Alistair Cockburn’s introductional chapter in Agile Software Development – The Cooperative Game reminded me today on something I learned before entering university. My fourth a-level during my german abitur was on education science. My teacher by that time (1996-1998) had a strong background in psychology and introduced Lawrence Kohlberg’s stages of moral development to us. Cockburn’s introductional comments on Shu-Ha-Ri reminded me on this when I came to read the chapter this morning.
Since I learned on Kohlberg’s model nearly 12 years ago without having any practical use of it, I had to look up the model. Cockburn had raised the question in me, if there were any parallels between Kohlberg’s model and the Shu-Ha-Ri educations. I started with this by searching out the notes we were given during school. Since I collected everthing that I wrote down during my abitur time, this was quite easy, though I did not remember the right semestry.
Kohlberg’s model denotes three main levels each with two sub-levels or stages. There is also a zeroth level and – as I got to know today – also an undocumented seventh stage. The three main levels with two stages each build the ground for his theory. Within the first (pre-conventional) level the student is influenced mainly by the teacher and the teacher’s opinion on right or wrong may be mapped to the student’s one. The second (conventional) level describes reasoning from the social point of view.
Persons who reason in a conventional way judge the morality of actions by comparing these actions to societal views and expectations.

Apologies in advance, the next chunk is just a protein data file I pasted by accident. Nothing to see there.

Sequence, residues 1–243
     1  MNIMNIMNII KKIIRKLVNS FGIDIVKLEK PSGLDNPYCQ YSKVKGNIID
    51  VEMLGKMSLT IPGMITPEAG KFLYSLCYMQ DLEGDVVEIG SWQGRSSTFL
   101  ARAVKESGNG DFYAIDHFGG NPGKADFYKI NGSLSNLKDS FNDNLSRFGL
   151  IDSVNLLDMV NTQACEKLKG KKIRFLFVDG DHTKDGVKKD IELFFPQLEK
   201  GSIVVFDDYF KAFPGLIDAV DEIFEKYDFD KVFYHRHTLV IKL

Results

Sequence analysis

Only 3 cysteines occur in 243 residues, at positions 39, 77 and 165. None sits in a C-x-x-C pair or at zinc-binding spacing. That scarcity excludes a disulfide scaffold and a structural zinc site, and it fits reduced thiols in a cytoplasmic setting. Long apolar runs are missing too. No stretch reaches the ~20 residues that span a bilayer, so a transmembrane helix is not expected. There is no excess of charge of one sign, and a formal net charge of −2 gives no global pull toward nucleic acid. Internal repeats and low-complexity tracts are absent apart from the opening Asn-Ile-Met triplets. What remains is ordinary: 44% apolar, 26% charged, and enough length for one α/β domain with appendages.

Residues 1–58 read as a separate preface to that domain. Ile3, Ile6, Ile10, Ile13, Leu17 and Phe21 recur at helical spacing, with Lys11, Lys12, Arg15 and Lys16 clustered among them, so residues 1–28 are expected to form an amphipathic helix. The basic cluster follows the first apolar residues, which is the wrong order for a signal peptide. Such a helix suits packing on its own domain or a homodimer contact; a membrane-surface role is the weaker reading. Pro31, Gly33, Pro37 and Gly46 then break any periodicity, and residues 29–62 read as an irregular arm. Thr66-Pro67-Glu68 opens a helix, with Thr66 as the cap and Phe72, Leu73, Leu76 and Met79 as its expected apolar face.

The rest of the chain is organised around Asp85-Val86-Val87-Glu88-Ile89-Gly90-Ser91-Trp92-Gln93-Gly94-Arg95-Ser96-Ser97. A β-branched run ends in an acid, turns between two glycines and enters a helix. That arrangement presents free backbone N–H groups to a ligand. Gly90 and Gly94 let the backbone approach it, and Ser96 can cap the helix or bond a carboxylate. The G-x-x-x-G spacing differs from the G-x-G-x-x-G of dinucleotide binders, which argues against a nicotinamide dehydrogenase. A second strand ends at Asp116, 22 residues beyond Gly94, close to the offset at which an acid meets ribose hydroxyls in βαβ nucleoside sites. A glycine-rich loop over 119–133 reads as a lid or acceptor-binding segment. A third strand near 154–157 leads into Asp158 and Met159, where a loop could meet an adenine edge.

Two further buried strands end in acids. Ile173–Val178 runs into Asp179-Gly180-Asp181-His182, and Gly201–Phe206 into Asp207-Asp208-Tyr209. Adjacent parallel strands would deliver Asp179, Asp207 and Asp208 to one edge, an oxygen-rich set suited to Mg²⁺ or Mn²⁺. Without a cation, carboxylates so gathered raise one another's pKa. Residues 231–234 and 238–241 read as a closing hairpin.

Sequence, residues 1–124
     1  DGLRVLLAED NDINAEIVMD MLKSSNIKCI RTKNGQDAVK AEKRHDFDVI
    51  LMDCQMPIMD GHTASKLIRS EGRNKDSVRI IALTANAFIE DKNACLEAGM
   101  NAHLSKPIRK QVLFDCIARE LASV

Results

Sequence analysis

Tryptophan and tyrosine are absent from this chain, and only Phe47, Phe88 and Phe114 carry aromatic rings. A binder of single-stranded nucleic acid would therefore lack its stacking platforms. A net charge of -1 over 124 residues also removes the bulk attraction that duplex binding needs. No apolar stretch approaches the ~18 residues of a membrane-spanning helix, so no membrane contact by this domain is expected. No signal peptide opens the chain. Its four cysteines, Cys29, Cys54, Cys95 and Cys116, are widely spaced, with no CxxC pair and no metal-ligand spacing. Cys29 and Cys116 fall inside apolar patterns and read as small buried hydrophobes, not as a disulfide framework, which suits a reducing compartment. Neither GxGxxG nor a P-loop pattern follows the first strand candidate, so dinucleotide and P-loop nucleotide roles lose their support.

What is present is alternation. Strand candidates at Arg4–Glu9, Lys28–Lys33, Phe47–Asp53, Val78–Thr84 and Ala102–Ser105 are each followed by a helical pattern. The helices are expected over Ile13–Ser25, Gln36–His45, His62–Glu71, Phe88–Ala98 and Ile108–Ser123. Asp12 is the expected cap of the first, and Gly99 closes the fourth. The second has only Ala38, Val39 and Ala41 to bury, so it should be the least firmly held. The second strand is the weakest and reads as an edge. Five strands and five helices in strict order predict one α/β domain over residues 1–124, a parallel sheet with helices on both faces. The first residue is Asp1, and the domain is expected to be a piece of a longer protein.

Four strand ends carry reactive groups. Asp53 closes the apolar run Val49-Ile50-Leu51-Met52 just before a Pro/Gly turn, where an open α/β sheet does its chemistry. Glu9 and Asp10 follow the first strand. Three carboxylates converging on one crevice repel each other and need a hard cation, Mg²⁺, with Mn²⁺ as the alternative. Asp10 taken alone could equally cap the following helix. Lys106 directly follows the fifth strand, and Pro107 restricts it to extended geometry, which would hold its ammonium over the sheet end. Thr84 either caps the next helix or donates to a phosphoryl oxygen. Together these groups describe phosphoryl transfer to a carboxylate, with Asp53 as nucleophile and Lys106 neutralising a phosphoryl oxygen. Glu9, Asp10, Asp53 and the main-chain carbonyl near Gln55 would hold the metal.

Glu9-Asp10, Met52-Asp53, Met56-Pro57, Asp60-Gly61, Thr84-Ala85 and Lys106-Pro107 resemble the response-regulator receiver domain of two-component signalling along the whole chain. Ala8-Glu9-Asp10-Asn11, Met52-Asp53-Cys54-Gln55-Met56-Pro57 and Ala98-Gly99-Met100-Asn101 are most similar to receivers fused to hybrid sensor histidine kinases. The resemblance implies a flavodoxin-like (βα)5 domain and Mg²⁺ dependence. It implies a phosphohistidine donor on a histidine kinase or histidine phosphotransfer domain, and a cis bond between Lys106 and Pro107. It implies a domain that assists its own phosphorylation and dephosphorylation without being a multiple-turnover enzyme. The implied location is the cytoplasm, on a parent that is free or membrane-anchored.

Lawrence Kohlberg’s stages of moral development
The third (post-conventional) level goes beyond this. The argumentation follows princicples of ethics like Immanuel Kant’s categorical imperative.
Personally I was hoping to find parallels between these three main stages and the Shu-Ha-Ri concept.
Shu-Ha-Ri consists itself of three stages of communications and learning. The first stage describes the obeying phase.
The student should absorb all the teacher imparts, be eager to learn and willing to accept all correction and constructive criticism.
In the second stage:
The student’s individuality will begin to emerge in the way he or she performs techniques. At a deeper level, he or she will also break free of the rigid instruction of the teacher and begin to question and discover more through personal experience.
For the third stage:
Although the student is now fully independent, he treasures the wisdom and patient counsel of the teacher and there is a richness to their relationship that comes through their shared experiences. But the student is now learning and progressing more through self-discovery than by instruction and can give outlet to his or her own creative impulses.
Though I hoped to find parallels between Kohlberg’s model and the Shu-Ha-Ri I came up disapointed that there is nothing. After reading more stuff on Kohlberg on Wikipedia it finished that Shu-Ha-Ri can be thought of as being more progressed than Kohlberg’s model. Especially the critisms on Kohlberg made me aware of this. The cases where Kohlberg did not think of are the cases where Shu-Ha-Ri steps in.
Furthermore I hope you disagree with this statement of mine and would like to share your viewpoint on this topic.
One thought on “Shu-Ha-Ri and psychology”
Markus, you were the first to introduce me to Shu-Ha-Ri, it is a fascinating concept and I think it will prove really helpful.